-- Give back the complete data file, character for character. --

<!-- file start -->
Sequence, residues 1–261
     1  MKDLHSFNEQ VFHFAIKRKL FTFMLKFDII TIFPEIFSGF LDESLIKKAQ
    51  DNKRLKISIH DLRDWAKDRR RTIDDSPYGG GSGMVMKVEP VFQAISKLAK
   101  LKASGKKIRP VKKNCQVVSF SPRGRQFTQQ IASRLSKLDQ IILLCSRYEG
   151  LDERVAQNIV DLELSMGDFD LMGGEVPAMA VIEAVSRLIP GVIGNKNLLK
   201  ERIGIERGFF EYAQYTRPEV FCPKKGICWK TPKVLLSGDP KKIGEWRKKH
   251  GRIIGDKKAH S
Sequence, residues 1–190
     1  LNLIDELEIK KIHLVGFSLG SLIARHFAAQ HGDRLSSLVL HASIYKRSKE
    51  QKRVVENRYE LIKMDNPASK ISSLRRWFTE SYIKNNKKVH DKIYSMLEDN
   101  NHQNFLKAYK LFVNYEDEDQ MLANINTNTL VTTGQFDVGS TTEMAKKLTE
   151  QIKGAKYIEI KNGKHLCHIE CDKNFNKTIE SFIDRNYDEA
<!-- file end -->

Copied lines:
Sequence, residues 1–261
     1  MKDLHSFNEQ VFHFAIKRKL FTFMLKFDII TIFPEIFSGF LDESLIKKAQ
    51  DNKRLKISIH DLRDWAKDRR RTIDDSPYGG GSGMVMKVEP VFQAISKLAK
   101  LKASGKKIRP VKKNCQVVSF SPRGRQFTQQ IASRLSKLDQ IILLCSRYEG
   151  LDERVAQNIV DLELSMGDFD LMGGEVPAMA VIEAVSRLIP GVIGNKNLLK
   201  ERIGIERGFF EYAQYTRPEV FCPKKGICWK TPKVLLSGDP KKIGEWRKKH
   251  GRIIGDKKAH S
Sequence, residues 1–190
     1  LNLIDELEIK KIHLVGFSLG SLIARHFAAQ HGDRLSSLVL HASIYKRSKE
    51  QKRVVENRYE LIKMDNPASK ISSLRRWFTE SYIKNNKKVH DKIYSMLEDN
   101  NHQNFLKAYK LFVNYEDEDQ MLANINTNTL VTTGQFDVGS TTEMAKKLTE
   151  QIKGAKYIEI KNGKHLCHIE CDKNFNKTIE SFIDRNYDEA